Answering society’s call: A new leadership imperative


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How do transparency, empathy, and meaning work in practice?
Society’s expectations for business are rising. Customers—particularly younger ones—want to know what the companies they engage with are doing for, with, and to the world. Nine in ten Generation Z consumers believe that companies have a responsibility to address environmental and social issues. Younger people think that environmentally and socially focused companies are better prospective employers, and the vast majority say they would be more loyal to companies aligned with those values.As demands for social accountability rise, so do demands on leaders. This article, based on a range of McKinsey research and case studies of leaders in action, provides a glimpse of the emerging new leadership imperative.
Sometimes it’s about boosting transparency—for example, the moves a few fashion- and consumer-oriented companies are making. Empathy also looms large, as shown by new McKinsey research based on surveys and interviews with a group of fellows at Ashoka, one of the world’s leading communities of social entrepreneurs. Also critical: a sense of meaning, say two CEOs who recently described their work during a panel discussion marking the 50th anniversary of Pepperdine University’s Graziadio Business School. Transparency, empathy, and meaning — timeless and increasingly timely — are all starting to define a new leadership benchmark.


A McKinsey report from last year—The State of Fashion 2019, written in partnership with The Business of Fashion—offers one lens on socially demanding consumers.

The data make clear that today’s shoppers care deeply about the social impact of the companies they patronize. They are also willing to dig, often deeply, into the provenance of products they’re considering, to assure themselves that these products meet a desired social aspiration. Some two-thirds of consumers around the world say they would switch, avoid, or boycott brands for their stances on controversial issues. What’s more, 52 percent of millennials say that they always research background information before buying goods or services, compared with 45 percent of Generation X consumers and 41 percent of baby boomers. One response is transparency, as the following examples show:

  • Mass-market retailer Arket (owned by H&M) lists where each of its products is made and in many cases shows pictures from the manufacturing floor.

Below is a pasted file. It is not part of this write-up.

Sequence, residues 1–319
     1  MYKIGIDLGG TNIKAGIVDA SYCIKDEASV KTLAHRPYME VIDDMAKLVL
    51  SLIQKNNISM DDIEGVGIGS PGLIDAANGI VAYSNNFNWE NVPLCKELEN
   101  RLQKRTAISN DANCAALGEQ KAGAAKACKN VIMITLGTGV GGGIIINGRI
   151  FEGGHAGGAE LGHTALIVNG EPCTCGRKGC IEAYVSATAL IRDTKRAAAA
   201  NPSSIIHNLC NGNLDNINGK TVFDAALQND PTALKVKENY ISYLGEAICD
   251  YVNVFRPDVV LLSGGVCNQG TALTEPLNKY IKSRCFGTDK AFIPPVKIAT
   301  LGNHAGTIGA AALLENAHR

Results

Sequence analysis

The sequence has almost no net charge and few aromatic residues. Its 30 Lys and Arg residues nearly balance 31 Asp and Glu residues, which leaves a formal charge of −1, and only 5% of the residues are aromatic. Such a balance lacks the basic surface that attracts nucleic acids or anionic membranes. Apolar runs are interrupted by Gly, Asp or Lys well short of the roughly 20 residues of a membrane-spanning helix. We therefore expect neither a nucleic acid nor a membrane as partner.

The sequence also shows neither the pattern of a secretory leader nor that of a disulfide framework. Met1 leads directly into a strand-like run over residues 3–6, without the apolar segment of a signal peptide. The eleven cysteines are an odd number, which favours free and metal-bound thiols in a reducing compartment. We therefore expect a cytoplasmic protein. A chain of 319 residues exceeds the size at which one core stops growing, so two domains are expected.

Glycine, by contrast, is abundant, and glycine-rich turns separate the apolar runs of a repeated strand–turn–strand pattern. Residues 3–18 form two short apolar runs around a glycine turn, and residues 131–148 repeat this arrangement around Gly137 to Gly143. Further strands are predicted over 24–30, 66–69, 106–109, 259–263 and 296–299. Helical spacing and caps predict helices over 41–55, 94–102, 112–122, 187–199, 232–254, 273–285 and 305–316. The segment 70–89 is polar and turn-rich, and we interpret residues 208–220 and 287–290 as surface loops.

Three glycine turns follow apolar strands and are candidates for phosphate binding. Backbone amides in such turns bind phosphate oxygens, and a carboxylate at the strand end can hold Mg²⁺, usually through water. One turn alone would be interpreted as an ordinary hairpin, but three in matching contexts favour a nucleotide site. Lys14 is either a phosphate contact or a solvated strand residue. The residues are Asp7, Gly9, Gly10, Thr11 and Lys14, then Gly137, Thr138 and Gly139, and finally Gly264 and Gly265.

• The apparel retailer Reformation not only applies its RefScale methodology to measure the environmental impact of every garment it sells but also discloses the results to customers. RefScale tracks the amount of carbon dioxide generated and water used during production.
  • After Europe’s 2013 horsemeat scandal, Marks & Spencer made all its beef products completely traceable. The retailer can track the origin of a single beef patty with such detail that it can name the breed, age, and even the specific cow and farm of origin. Individual identities are logged using a series of letters and digits based on a DNA profile taken at the abattoir.
  • Following the lead of companies such as Ben & Jerry’s and Patagonia, more and more fashion businesses are being structured as B corporations, allowing them additional leeway to consider the impact of their decisions on people, society, and the planet (Exhibit 1).

Retailers and other companies don’t have to go it alone as they strive for transparency. Swiss tech firm Ambrosus, for example, uses high-tech sensors and blockchain technology to record the entire history of products for food and pharmaceutical companies. With a smartphone, anyone in the food chain—producers, suppliers, retailers, or consumers—can access tamper-proof data about a product at any stage of a company’s supply chain.

It shouldn’t be surprising to see companies such as the aforementioned on the leading edge of the drive for transparency. A fashion statement is by definition a form of self-expression, and the best designers and retailers must stay ahead of emerging trends to survive. Leaders in other sectors should study the industry’s rapid response to heightened customer awareness.

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Here is a direct link to the complete article.

Anita Balchandani is a partner in McKinsey’s London office, of which Marco Beltrami is an alumnus and Dale Kim is a consultant; Achim Berg is a senior partner in the Frankfurt office; Saskia Hedrich is a senior expert in the Munich office; and Felix Rölkens is an associate partner in the Berlin office. Imran Amed is the founder, editor in chief, and CEO of The Business of Fashion.
The authors wish to thank Burcu Kazazoglu Taylor, Dany Matar, Chuck Redmond, and Jens Riese for their contributions to this article.
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